On Thursday 8 June, we were treated to a personal tour of Donald Greig’s gallery and foundry in the Port of Cape Town. The reins of the whole venture are held in the most capable hands of Donald’s wife, Ali, who transformed an old port building into the marvelous gallery space it is today.
The gallery, which is the showroom for Donald’s wonderful wildlife sculptures, is peaceful, light and welcoming and this is where we met to begin our tour, surrounded by the creatures of Africa.
Donald and Ali took us through the complex and time-consuming process of casting a piece in bronze, using the ancient “lost wax” technique. It takes about six weeks – and a team of skilled craftsmen – to produce a finished sculpture, from the first rubber mold, through the various coatings holding the form firm, to the pouring of the molten bronze and lastly, the patina, added with chemicals and heat, to enhance the character of the particular piece.
Thank you Donald and Ali, for a truly inspiring tour and Helen Van Stolk for arranging it for us.
Our “studio visit” with Dylan Lewis on Friday 23 October was so much more than that. The lucky group who managed to book a place were treated to the most amazing artistic experience.
While waiting for the rest of the party to arrive, we explored his studio cum exhibition space in the most beautifully restored building in the Stellenbosch farmlands.
His circular studio alone, with its huge barn doors, which opened out onto a magnificent view of the property, was enough to turn us all green with envy. Every corner was a still-life, every window, a photo opportunity.
Dylan took us on a guided tour through his extensive sculpture garden, which he has formed himself over the past few years. From virtually flat farmland, he has created an undulating landscape of valleys and hills, ponds fed by lucky natural stprings and shady secret gardens and groves, inviting peaceful contemplation.
We were shown the huge pieces permanently installed in their magical surroundings and given an insight into Dylan’s journey to his work. His interest lies in the contrast between wilderness and “civilisation”, the wildness of the animal world – especially portrayed in the powerful big cats – and the wildness that is in us all.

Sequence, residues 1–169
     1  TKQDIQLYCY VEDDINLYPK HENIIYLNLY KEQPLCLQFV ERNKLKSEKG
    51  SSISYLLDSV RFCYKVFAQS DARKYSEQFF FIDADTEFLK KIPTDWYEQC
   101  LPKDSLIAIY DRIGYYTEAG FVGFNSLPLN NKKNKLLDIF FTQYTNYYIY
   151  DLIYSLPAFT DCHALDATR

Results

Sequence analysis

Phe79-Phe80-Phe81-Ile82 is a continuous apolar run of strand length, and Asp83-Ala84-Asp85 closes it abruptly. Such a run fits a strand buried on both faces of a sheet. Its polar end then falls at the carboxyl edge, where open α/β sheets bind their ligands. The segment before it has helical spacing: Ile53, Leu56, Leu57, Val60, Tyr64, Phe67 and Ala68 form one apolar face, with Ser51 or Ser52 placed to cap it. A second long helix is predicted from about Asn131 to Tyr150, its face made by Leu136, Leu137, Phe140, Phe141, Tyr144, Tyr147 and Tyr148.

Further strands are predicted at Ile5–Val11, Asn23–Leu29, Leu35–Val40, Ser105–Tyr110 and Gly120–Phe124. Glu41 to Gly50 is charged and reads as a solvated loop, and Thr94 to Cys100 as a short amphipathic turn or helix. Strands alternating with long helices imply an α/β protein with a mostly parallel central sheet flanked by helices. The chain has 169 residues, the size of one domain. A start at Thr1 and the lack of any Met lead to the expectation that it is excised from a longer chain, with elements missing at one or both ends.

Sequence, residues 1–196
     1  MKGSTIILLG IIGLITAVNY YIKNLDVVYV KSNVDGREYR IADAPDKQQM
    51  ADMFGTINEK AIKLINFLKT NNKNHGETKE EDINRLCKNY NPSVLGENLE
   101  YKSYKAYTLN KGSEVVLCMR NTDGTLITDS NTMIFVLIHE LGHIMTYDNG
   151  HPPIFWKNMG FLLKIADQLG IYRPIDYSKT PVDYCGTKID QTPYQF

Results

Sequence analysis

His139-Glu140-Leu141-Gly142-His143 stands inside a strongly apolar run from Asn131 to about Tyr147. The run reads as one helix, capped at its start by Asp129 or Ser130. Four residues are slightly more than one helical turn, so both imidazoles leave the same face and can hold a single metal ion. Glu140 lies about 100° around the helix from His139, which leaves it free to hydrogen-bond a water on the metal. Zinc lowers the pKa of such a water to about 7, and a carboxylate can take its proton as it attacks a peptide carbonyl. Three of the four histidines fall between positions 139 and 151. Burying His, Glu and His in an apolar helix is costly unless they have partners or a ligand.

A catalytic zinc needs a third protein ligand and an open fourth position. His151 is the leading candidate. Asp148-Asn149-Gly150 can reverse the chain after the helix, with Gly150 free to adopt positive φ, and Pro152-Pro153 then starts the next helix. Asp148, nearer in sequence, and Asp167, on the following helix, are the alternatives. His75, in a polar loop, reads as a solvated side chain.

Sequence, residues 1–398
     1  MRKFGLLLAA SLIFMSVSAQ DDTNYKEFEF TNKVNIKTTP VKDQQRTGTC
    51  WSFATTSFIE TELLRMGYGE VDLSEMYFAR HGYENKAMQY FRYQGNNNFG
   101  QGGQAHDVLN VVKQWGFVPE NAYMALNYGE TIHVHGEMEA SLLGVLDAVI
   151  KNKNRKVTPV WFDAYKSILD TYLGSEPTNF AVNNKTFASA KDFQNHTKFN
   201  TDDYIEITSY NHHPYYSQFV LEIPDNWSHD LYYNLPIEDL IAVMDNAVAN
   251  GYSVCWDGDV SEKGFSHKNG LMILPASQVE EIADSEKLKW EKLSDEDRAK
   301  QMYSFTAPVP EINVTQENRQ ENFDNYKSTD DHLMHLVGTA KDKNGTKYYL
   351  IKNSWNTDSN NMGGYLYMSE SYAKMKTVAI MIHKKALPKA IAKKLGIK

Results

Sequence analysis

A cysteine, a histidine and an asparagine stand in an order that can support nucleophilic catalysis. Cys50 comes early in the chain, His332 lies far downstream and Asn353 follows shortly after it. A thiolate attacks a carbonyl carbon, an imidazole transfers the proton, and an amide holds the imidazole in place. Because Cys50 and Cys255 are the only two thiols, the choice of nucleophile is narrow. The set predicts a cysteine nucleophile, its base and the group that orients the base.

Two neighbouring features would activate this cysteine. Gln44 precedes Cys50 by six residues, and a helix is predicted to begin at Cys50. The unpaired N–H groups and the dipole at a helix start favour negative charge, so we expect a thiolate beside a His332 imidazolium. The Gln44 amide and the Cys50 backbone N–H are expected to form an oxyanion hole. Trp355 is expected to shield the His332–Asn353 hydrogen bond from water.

This piece of land of his is the transition between wild and civilised, with the organic shapes of the surrounding mountains, echoed by the placement of each sculpture and geometric man made structures in direct contrast.
Thank you Dylan, for a wonderful morning and thanks, Helen van Stolk, for arranging it all.
Gerda Kenyon gave a relaxed and fun workshop at the new “Art Source”, on Saturday 25 July.
She shared with us the beginnings of her sculpting process in the bright and airy studio space in Roeland Street, Cape Town.
Starting with a wire armature on a board, we were shown how to build up our sculptures in clay – either potter’s clay, or ball clay, which has wax added to it and never really dries, so can be reworked later. Gerda gave guidance on proportions and valuable advice on details, like sculpting realistic-looking eyes. The final product would be cast from a mould, in bronze, or resin.
Everyone brought their own references and beautiful sculptures emerged from a wonderful selection of subject matter. A truly inspiring morning and I’m sure there will be a lot more sculpture being created by those SASA members who attended the workshop.
This was the last of the Winter workshops for this season. Thanks to everyone who made them happen and we look forward to a lot more inspiration next year.